In a pivot to the civilian agency side, the council recently analyzed sequestration’s likely impact on 16 nondefense agencies for fiscal 2013. It assumed that Congress will pass a six-month continuing resolution, as expected, and that fiscal 2012 enacted levels form the basis for applying the cuts.

Keep eading this article at http://www.govexec.com/management/2012/08/sequestration-would-cost-civilian-agencies-39-billion-contractor-group-says/57816/?oref=management_agenda_nl 

Are we heeding or ignoring lessons of 1989?

In recent months there has been no shortage of comparisons between the budget reductions of the 1980s and 1990s and the likely impacts of the current draw-down. While some of the comparisons are instructive, there also are important lessons that can be drawn from the previous declines that could be tools to drive new thinking and help avoid the mistakes of the past. Unfortunately, in some very key areas there is little evidence that those lessons are being widely heeded.

Specifically, during the last significant budget battle in the 1990s, the Defense Department, in the aftermath of the Cold War, reduced its total physical and personnel infrastructure by about one-third. In fact, according to the Government Accountability Office, 98 percent of all federal workforce reductions during the 1990s took place at DOD. Further, those reductions were taken on an almost linear basis—almost all functional areas were affected at a similar rate, including acquisition.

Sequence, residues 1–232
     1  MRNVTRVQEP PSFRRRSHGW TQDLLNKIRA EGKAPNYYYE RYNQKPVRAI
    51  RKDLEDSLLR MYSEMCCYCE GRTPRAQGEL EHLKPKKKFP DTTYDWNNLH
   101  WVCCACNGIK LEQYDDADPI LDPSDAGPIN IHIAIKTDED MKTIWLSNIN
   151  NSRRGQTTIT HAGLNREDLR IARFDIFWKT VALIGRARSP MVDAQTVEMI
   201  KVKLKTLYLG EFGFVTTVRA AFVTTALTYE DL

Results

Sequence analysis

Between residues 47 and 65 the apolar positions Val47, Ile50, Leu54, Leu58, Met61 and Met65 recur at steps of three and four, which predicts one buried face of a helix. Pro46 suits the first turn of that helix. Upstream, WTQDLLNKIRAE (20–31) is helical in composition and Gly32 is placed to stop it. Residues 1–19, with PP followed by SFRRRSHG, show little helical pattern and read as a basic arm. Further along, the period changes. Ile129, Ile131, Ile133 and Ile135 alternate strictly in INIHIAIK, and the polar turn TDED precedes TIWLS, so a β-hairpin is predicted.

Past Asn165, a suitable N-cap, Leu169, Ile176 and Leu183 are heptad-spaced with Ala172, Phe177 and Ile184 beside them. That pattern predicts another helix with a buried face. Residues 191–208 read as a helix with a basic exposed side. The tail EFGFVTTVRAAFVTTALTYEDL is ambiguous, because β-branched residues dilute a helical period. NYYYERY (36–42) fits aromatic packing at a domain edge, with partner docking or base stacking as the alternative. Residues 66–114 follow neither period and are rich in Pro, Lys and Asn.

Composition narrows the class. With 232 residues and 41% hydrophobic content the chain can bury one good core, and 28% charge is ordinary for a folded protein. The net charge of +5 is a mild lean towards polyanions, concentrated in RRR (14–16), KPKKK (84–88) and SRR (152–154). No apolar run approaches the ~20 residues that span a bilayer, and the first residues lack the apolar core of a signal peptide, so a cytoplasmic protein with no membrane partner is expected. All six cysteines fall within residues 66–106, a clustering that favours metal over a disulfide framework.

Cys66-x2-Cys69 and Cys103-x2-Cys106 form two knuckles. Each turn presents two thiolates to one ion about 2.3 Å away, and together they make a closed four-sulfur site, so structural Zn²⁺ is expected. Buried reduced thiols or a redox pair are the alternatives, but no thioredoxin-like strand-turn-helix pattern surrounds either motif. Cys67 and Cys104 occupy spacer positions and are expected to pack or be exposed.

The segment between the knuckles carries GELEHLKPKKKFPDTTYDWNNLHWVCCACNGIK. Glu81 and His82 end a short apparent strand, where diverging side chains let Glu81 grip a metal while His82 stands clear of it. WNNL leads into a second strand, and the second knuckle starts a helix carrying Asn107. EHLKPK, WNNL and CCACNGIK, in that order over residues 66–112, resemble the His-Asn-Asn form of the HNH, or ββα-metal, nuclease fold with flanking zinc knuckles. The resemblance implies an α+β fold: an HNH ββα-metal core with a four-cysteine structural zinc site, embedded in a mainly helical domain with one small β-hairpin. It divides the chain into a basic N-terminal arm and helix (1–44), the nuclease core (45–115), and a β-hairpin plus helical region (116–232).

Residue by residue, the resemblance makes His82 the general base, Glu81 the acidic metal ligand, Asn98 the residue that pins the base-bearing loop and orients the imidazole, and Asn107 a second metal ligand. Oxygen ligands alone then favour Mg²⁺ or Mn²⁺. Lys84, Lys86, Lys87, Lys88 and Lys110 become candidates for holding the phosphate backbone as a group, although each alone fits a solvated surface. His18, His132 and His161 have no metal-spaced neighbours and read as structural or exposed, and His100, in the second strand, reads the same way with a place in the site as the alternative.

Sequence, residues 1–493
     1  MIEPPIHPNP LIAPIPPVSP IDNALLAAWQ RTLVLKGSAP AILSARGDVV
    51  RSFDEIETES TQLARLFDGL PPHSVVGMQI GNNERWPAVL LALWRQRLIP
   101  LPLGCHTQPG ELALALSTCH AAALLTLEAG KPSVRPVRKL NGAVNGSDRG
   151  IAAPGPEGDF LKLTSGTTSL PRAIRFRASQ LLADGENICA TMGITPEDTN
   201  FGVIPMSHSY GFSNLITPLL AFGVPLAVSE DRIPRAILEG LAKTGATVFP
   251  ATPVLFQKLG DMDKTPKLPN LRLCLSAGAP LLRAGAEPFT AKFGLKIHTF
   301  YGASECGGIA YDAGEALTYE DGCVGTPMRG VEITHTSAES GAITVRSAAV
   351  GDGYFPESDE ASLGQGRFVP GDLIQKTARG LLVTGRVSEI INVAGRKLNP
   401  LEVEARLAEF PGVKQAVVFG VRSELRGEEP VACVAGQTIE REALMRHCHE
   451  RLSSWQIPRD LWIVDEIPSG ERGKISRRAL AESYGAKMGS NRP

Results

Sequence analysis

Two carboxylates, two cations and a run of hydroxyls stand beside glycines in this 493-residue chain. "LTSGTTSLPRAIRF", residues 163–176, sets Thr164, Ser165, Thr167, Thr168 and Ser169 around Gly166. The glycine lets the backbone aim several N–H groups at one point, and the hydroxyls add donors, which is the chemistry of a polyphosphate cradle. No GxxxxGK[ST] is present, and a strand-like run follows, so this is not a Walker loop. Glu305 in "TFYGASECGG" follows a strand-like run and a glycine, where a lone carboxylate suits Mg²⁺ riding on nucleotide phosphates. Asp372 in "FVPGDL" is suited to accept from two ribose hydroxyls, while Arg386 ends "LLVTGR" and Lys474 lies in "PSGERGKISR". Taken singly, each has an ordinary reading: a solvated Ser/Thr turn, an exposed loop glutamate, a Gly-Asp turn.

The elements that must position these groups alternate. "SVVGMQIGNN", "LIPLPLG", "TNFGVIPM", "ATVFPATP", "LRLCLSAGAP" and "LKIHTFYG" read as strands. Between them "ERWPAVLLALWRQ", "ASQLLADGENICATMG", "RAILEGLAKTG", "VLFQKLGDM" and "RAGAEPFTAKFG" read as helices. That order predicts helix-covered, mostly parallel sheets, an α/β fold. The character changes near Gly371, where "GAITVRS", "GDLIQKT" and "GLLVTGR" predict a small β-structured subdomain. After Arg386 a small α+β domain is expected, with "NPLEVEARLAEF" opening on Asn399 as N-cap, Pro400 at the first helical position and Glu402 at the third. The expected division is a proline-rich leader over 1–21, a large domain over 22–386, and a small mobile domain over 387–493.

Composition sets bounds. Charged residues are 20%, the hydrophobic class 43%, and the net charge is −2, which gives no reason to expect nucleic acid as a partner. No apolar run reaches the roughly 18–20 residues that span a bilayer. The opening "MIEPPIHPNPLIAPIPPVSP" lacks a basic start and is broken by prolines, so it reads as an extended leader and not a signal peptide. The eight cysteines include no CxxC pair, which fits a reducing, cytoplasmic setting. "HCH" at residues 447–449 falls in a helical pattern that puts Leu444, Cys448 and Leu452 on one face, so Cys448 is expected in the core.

At the time, one key part of my portfolio at DOD was the acquisition workforce, which at DOD includes not just contracting but also program management, systems engineering, and a range of other high-end skills. We fought long and hard to prevent the Congress from imposing massive, arbitrary, across-the-board acquisition workforce reductions. Yet, even as we fought against immediate cataclysmic cuts, we nonetheless drove sizable reductions in that workforce on our own.

In so doing, we failed to fully account for the already evident and growing demographic imbalance in the workforce and for the fact that, despite the budget reductions, the department’s acquisition and technical needs were growing due to the technology revolution and DOD’s evolving mission requirements. As a result, more than a decade later, DOD finds itself facing greater workforce challenges than should be the case, as evidenced by the corrective action plan in former Defense Secretary Robert Gates’ 2009 workforce initiative. And within the civilian agencies, where attention to the acquisition (and broad technology) workforce is a more recent phenomenon, the problems are equally, if not more, acute.

Therein lies a critical lesson that we can learn from, but don’t appear ready to do so. The president’s budget request includes significant increases in positions and funding for the Defense Contract Audit Agency, Defense Contract Management Agency, and the Wage and Hour Division of the Labor Department (which enforces the Service Contract and Davis Bacon acts, among other things).

While these increases may well be needed, it is notable that these are all post-award, oversight organizations. Beyond significant but still limited funding to continue the defense acquisition workforce development fund, the budget has little in the way of meaningful proposals to increase other, critical operational and business skills in civilian agency acquisition and the broader technology fields so essential to the government’s ability to innovate and drive higher performance.